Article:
DoE tests Cerebra’s AI computing in nuclear weapon simulations • The Register

America’s Sandia National Labs said this week it will study the use of Cerebras’ wafer-sized accelerator chips to determine whether the nation’s nuclear weapons will work as intended should global annihilation be ever desired.

With support from Lawrence Livermore and Los Alamos National Laboratories, the deployment is overseen by the Department of Energy’s National Nuclear Security Administration (NNSA), which is tasked, among other things, with maintaining the reliability and extending the lifespan of city obliteration warheads through the use of simulation that run on supercomputers. These simulations assure the agency that any changes to the United States nuclear arsenal – such as keeping the physics packages by substituting materials or tweaking the designs – will not unacceptably affect the destructive potential.

Since most of us have agreed to no longer conduct real tests of these devices, simulations using data from subcritical experiments are needed instead. And so, Cerebra’s silicon is being tested to see if it can help here.

“This collaboration with Cerebras Systems has great potential to impact future mission applications by enabling artificial intelligence and machine learning technologies, which are an emerging component of our production simulation workloads,” said Simon Hammond, who serves as federal program manager for computer systems and Software is responsible for the Advanced Simulation and Computing (ASC) team at NNSA.

That’s an interesting mention of AI: Cerebra’s chips are designed to speed up this kind of work, and there’s a lot of interest in using machine learning models to predict the outcome of scientific experiments, as opposed to the classic computational approach of modeling physical interactions. Using AI might be faster than pure computation, although accuracy can be sacrificed and a mix of the two approaches might be best.

Cerebras CS-2 systems feature a large, plate-sized die packed with 2.6 trillion transistors. The startup claims that this oversized “waferscale” chip allows for much faster processing of huge data sets because the information can reside on the processor longer or all of the time, avoiding the shuffling of data in and out of slower system memory.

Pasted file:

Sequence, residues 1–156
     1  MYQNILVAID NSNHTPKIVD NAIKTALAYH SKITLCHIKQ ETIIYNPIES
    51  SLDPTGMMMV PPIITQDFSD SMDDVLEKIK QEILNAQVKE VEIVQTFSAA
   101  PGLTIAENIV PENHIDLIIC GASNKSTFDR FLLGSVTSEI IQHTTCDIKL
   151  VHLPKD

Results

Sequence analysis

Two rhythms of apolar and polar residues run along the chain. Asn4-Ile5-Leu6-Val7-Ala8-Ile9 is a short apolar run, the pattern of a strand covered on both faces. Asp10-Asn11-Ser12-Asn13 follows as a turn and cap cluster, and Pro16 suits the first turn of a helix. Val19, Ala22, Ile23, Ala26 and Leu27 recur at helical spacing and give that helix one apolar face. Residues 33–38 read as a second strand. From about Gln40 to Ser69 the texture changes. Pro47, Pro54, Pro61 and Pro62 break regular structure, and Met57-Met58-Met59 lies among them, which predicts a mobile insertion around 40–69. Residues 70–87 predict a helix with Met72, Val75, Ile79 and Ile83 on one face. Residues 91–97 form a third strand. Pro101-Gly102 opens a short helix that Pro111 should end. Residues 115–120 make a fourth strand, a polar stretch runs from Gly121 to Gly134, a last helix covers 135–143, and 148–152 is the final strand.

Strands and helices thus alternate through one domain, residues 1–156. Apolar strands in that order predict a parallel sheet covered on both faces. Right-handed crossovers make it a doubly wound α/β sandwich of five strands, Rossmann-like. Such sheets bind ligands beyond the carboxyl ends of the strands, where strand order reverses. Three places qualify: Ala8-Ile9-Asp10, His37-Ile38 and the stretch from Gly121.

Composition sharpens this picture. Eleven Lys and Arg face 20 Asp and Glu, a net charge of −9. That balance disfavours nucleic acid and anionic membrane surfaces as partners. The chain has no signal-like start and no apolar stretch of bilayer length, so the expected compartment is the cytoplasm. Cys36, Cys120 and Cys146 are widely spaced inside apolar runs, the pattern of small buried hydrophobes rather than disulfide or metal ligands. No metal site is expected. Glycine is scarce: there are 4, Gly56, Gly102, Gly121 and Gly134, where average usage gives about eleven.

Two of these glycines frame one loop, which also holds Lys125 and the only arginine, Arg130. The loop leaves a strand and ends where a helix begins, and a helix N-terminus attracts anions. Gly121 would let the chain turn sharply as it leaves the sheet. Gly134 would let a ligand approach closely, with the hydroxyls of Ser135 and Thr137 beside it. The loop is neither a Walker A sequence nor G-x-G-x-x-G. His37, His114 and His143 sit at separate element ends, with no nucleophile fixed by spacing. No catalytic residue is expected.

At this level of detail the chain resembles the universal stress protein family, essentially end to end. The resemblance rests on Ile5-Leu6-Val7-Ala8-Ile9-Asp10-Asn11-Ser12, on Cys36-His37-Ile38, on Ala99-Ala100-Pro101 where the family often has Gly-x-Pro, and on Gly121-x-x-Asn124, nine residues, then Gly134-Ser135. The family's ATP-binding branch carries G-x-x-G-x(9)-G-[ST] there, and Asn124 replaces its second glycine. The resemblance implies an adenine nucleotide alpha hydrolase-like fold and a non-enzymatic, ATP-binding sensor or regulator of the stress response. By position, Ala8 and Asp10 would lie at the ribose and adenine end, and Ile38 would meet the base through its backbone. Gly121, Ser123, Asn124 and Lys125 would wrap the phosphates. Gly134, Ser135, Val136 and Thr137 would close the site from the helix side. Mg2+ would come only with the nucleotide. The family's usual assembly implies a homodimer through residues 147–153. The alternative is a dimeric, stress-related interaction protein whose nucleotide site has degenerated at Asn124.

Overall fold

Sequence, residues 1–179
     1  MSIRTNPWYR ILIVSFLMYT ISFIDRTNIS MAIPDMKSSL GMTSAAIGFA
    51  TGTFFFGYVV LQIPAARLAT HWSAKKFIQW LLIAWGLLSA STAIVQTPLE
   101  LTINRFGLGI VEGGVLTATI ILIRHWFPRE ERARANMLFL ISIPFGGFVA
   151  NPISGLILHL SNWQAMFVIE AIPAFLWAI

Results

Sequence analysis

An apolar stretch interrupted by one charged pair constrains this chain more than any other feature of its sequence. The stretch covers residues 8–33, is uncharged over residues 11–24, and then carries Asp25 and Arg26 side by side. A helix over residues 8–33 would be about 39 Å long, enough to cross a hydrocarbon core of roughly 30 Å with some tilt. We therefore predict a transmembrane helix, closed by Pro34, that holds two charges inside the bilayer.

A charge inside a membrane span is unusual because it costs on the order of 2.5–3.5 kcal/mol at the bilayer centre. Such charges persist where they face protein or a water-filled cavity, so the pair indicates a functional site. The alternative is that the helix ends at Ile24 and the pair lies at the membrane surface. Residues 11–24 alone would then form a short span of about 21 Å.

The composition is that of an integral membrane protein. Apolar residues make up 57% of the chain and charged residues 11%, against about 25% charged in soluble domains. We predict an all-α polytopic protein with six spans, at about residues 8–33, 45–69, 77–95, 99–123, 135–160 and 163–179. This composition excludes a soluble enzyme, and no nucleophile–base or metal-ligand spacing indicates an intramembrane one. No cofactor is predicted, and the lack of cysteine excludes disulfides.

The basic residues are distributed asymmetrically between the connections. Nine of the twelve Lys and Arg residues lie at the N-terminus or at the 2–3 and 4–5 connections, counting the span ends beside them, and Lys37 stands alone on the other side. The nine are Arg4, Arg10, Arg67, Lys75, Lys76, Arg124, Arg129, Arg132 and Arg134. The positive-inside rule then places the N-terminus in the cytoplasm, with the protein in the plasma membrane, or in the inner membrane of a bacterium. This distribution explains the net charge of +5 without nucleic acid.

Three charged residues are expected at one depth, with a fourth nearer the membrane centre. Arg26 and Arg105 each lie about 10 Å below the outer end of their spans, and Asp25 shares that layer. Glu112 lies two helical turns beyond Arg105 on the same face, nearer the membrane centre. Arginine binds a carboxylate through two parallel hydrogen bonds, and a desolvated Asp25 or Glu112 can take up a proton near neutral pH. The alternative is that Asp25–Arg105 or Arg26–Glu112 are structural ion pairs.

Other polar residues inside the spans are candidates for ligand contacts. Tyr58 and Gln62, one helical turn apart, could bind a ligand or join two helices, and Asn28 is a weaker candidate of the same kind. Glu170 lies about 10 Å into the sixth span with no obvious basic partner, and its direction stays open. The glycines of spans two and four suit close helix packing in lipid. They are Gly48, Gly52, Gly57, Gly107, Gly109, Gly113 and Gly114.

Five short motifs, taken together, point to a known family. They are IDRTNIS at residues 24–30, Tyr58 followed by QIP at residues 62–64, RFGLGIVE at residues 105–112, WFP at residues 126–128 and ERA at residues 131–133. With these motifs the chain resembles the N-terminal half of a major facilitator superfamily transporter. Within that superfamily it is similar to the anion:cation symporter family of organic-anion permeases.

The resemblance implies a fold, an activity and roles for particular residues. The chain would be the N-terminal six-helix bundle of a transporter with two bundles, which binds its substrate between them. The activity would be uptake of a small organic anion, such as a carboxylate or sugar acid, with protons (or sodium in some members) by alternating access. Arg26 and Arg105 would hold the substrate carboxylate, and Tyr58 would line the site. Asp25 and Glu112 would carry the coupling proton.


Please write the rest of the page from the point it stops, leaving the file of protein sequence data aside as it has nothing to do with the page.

The newcomer is one of several exploring waferscale computing to accelerate larger AI/ML workloads. Tesla, for example, demonstrated its Dojo supercomputer at Hot Chips this year. For a full breakdown of either Cerebras’ waferscale computing architecture or Tesla’s Dojo platform, visit our sister site The next platform.

Speak with The registry, Sivasankaran Rajamanickam, an engineer involved in providing Cerebras technology at Sandia, expressed interest in studying how the architecture deals with sparse models and on-chip data flows. “The scale of the hardware makes it really exciting to see what we can do with it,” he said.

Cerebras is just the latest AI startup to provide its hardware under the ASC program. The Dept of Energy routinely examines heterogeneous computing platforms using a variety of CPUs, GPUs, NICs, and other accelerators to improve the speed and resolution of these simulations. To date, the agency has deployed systems from Intel, AMD, Graphcore, Fujitsu, Marvell, IBM, and Nvidia, to name a few.

“We anticipate that the technologies developed under the program will be tested on the advanced architecture prototype systems of the Advanced Simulation and Computing program and will eventually impact the production of advanced and standard technology platforms used by the three labs” , says Robert Hoekstra, senior manager of the Extreme Scale Computing Group at Sandia, said in a statement.

We have been told that the results of these trials will influence future investments by the DoE. ® DoE tests Cerebra’s AI computing in nuclear weapon simulations • The Register

Rick Schindler

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